– By Mr. Vikram Kumar, Managing Director, SRV Media Pvt. Ltd.
Digital marketing is the flavor of the era. It opens up avenues of opportunities for advertising and socializing for any brand. Online presence is a must for a brand to be successful these days and hence they spend a lot of money on their digital marketing campaigns.
In the current times, it is crucial to have a good digital marketing strategy to create buzz online. Additionally, another important factor to consider when putting out any data online is the measure taken to ensure data security. A company’s digital marketing strategy must include a robust cyber-security plan as one of its key metrics.
Whenever there is data involved, the fear of getting hacked or being introduced to a virus online is not alien. The problem is that the aftermath is alarming. A company can face serious consequences such as financial loss, reputation loss, regulatory fines and even get banned for not taking enough cautionary security measures. According to the Cyber Security Breaches Survey 2018, in that year alone, 43% of businesses reported experiencing cybersecurity breaches. Cybercrime has become an industry in itself and is growing every day. The most common kinds of cybercrime we come across these days are phishing, spams, identity theft, online harassment, cyberstalking, invasion of privacy and information warfare. The Official Annual Cybercrime Report stated that the estimate they are looking at by the end of 2021 of how much cybercrime will cost us annually by then is $6 trillion. To understand why a constructive digital marketing strategy should always involve cybersecurity, let us look at the cyber threats more closely.
Malware has the biggest market: By 2020, CSO Online predicts industry specific ransomware attacks will quadruple. Hackers use mal-advertising to install the malware in ads appearing on trusted websites. If you click on these ads even by mistake, the malware gets downloaded on your system. Sometimes a website, if not protected, is full of malware, and simply visiting such sites puts your system at risk. Research states that over 55% of China’s computers are infected with malware. Taiwan follows closely with almost 49% of their computers affected by Trojan malware. Malwares can take various forms: it can either be a virus that corrupts all your data and system files or a ransomware that takes full control of your system. It can also be spyware designed to record passwords, keystrokes, information and send it to the hacker. Malwares can be sent through links and attachments you receive in emails or can take the form of softwares that affect the whole system and also the customers who visit your site or click on your ads. Around 130 organizations were recently investigated by Cisco in their Cisco Annual Cybersecurity Report, to the industry’s surprise, they found that 75% of companies were affected by adware.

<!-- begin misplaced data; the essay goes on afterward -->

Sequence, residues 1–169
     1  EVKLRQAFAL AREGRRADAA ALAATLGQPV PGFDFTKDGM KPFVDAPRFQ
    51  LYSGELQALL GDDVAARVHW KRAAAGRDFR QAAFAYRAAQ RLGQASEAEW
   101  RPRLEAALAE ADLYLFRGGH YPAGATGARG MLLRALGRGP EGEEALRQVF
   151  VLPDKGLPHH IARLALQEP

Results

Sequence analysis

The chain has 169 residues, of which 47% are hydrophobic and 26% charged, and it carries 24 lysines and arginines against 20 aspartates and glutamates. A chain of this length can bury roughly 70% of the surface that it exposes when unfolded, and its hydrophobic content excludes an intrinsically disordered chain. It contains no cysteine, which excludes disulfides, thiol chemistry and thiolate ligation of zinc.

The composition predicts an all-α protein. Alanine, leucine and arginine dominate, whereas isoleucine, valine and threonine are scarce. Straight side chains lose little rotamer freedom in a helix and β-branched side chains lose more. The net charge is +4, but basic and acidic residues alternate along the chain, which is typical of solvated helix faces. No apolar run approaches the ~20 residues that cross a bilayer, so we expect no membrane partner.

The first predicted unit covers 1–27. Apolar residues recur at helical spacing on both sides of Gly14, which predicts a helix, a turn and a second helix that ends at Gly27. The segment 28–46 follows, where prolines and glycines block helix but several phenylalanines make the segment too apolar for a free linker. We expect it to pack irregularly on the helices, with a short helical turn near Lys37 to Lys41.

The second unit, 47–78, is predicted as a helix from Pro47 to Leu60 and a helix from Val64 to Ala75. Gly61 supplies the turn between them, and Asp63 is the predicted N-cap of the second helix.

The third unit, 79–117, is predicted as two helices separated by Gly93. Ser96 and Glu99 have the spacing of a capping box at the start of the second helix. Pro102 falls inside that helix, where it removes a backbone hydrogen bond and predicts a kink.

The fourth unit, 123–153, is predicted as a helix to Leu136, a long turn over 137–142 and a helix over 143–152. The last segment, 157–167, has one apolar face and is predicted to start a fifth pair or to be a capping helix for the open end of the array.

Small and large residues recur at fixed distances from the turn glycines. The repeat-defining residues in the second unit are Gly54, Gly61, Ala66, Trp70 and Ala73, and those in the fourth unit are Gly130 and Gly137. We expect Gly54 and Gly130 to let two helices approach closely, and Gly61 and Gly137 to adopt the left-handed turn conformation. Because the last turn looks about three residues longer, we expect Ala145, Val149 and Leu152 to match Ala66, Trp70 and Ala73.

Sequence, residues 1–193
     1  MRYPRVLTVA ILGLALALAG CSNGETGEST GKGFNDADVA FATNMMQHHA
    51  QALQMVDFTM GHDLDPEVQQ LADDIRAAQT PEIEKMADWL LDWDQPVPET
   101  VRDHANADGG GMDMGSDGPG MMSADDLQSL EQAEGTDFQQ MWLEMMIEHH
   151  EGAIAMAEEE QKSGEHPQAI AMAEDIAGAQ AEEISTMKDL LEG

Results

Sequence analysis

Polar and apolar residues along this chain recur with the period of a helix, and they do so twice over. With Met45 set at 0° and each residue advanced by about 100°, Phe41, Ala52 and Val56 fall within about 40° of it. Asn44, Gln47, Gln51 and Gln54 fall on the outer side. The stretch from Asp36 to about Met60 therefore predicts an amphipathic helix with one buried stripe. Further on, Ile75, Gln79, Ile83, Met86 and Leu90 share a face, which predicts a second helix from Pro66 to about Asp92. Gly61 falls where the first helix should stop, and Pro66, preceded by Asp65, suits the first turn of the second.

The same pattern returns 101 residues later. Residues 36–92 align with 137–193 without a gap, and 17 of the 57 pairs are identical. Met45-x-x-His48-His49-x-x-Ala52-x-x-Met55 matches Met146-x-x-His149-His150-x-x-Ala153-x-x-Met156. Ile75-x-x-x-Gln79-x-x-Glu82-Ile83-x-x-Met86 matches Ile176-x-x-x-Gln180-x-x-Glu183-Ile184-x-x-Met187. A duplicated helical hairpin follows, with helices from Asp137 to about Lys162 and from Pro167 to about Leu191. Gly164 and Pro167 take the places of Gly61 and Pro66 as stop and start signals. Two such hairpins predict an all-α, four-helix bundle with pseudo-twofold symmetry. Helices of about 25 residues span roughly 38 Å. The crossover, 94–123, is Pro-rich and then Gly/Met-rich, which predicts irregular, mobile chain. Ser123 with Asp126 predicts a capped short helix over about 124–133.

There is also the constant reputational risk associated with your data. You might have already heard about social media accounts and emails being hacked. In 2017, French President Emmanuel Macron’s emails were hacked. His emails pertaining to the election campaigns were posted online just days before the election. 9 GB worth of data was posted to Pastebin without his knowledge. These malicious activities can cause havoc as the hacker or virus can spread false information and offensive content to damage your reputation and your company’s value. Hackers can not only hack your payment details and personal information stored in apps, phones and your system, they can even track your keystrokes and obtain your password; this could lead to identity theft and heavy monetary setbacks. Looking at how we have gone mobile and all our information is saved in our handsets, we need to be extremely careful. Almost 60% of fraud comes from mobile devices; of that figure, 80% comes from mobile apps.
Awareness about the digital crime rate is shocking: The Global Data Risk Report is quite terrifying. They analyzed over 6.2 billion files containing critical information like credit card details, health records, etc. 21% of these files were open for global access. Furthermore, almost 41% of companies have more than 1000 sensitive files open to everyone, without any restriction or password protection. Over 83% of finance companies report at least 50 cyberattacks on their data per month. The most shocking part is that a company takes up to 197 days to notice a breach in its data or system; finance firms can take an average of 98 days. Imagine what a cybercriminal can obtain in this period.
Hackers are producing sophisticated software by the day to infiltrate the internet. Awareness and safeguarding at our end is vital. Most companies have understood the importance of cyber-security and are seeking security advice as a part of their digital plan. Digital marketing can do wonders if we have the right checks to ensure that the data generated does not fall in the wrong hands.